Access to those programs, according to Thornton, requires a very clear public messaging campaign about what the Girl Scouts is and what it isn’t. 

The Girl Scouts are in the middle of a fierce marketing campaign to reinvigorate and redefine community engagement in the program. 

Nationally, the Girl Scouts reported record low membership of 1.76 million girls in 2019 — down more than 1 million since a peak in 2003. And as a nonprofit, image and perception of the entity itself is really the key to success of the business model, according to Ruth McCambridge, editor-in-chief of Nonprofit Quarterly. 

“Girl Scout cookies are a great thing. They are probably not the decider in the Girl Scouts future,” said McCambridge who attributes the problem to the changing view towards scouting, noting that scouting is becoming less central in American culture. 

In a top 100 ranking of nonprofits based on public perception and recognition including social media likes and Facebook followings, The Girl Scouts ranked 68th.

“Whether or not the Girl Scouts continue to grow and I’ve got plenty of Girl Scout cookies right here in my house, but whether or not the Girl Scouts continue to grow is really about whether or not what they’re doing feels incredibly relevant and useful to people in communities. For both organizations, that’s true,” McCambridge said.

By both organizations, McCambridge is including the Boy Scouts, which ranked 75th on the nonprofit list. In October 2017, the Boy Scouts of America began admitting girls as members. But the two agencies never merged and have no plans to do so — a message the Girl Scouts have spent a lot of time — and money —  to make very clear.

In mid-February, Girl Scout “cookie season” was interrupted by news that the Boy Scouts of America was filing for bankruptcy protection amid its ongoing sexual abuse scandals.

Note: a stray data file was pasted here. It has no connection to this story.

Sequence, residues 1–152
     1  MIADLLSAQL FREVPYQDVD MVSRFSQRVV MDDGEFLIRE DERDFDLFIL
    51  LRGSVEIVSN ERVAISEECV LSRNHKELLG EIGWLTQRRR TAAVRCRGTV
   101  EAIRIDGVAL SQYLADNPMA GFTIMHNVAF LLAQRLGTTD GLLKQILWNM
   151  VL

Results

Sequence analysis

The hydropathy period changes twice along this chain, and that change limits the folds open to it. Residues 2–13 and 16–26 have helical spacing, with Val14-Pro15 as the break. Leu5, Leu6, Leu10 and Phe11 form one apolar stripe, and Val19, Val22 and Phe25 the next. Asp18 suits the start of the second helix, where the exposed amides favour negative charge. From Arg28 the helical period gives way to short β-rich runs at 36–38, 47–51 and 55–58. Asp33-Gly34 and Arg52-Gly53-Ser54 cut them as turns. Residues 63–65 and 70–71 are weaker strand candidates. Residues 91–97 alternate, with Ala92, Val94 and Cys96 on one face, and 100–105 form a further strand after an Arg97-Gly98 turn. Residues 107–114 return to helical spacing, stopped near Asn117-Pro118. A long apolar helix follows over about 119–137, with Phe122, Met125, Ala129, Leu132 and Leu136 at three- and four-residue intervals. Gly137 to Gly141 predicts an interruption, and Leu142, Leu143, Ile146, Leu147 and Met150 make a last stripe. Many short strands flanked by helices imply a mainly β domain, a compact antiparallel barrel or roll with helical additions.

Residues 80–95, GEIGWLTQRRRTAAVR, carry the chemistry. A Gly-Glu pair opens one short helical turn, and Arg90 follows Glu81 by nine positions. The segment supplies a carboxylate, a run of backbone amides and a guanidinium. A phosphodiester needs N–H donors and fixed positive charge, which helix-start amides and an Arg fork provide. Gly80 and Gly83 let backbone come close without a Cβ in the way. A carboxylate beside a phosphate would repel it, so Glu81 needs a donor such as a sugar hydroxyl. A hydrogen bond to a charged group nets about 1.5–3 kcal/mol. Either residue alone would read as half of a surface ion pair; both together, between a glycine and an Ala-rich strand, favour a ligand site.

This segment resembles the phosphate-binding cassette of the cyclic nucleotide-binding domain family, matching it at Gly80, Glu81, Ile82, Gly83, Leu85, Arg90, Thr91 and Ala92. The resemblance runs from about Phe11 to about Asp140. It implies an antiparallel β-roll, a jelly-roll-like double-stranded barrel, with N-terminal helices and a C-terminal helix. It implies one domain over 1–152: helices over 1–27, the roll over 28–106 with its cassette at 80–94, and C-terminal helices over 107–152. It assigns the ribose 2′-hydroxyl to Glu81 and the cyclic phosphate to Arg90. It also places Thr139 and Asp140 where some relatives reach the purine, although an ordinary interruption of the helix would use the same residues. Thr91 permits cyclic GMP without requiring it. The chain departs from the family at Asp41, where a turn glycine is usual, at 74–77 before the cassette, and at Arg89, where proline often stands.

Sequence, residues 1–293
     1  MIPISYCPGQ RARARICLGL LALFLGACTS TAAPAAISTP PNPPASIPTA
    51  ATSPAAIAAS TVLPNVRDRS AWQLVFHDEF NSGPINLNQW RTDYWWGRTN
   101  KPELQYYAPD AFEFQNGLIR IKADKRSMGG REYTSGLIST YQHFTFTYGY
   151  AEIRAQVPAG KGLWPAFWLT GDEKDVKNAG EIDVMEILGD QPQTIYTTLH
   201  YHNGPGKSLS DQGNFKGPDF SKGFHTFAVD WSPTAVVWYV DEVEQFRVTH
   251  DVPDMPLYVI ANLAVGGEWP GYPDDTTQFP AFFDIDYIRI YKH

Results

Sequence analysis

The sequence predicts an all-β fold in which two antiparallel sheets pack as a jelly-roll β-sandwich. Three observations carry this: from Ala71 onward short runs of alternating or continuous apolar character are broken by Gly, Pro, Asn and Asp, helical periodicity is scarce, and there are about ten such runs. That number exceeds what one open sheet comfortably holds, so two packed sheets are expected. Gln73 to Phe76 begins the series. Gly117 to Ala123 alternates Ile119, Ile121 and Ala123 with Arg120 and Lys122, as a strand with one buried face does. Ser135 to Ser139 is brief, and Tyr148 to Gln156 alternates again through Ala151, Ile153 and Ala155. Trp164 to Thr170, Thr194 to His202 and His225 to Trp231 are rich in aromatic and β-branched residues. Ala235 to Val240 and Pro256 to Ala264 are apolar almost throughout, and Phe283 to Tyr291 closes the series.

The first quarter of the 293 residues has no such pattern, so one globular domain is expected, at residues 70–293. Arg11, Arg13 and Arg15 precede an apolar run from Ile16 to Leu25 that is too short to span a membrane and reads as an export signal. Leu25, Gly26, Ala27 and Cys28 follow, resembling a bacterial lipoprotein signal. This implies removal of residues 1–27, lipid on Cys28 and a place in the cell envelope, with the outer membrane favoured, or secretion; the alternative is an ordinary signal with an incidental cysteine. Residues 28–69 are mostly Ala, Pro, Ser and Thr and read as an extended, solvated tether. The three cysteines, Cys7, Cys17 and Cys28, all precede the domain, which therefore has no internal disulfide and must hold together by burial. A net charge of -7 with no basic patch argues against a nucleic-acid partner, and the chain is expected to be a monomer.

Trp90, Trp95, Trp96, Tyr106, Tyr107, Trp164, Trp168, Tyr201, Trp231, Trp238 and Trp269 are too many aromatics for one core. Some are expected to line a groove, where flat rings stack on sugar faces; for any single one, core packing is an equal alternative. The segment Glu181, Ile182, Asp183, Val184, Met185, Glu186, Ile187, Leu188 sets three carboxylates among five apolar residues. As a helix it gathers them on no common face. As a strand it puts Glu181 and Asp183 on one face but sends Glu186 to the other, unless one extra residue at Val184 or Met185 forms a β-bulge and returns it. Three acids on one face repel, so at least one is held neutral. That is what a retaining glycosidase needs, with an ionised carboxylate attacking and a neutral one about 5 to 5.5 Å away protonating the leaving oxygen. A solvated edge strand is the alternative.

It was a very public announcement that the Girl Scouts responded to with a very public announcement of its own, reminding the public the Girl Scout program is not affiliated with the Boy Scouts “in any way” and that the two scouting organizations have been separate “for their more than 100 year history”, according to the Girl Scouts. 

"One of the things we do at nonprofit quarterly is just pay attention to the degree of integrity with which nonprofits go about their work and this disturbed us mostly because it seems like not just a violation of what should be general accountability expectations but also kind of a violation of their own principles," said McCambridge. "The way that the nonprofit status has relevancy, of course, is because it is responsible to the public and to the public good," she said.   

The marketing effort was swift and effective — and the latest in a series of well-planned marketing shots to reinvigorate Girl Scout troop membership, focusing exclusively on female membership and promotion of female leaders. 

The public campaign included  “ Famous Formers” - notable women who were Girl Scouts growing up. The list includes former first ladies Michelle Obama and Laura Bush,  The Duchess of Sussex, Meghan Markle, late performers Bette Davis and Mary Tyler Moore and tennis icons Serena and Venus Williams — all, of course, with photos of Girl Scout cookies.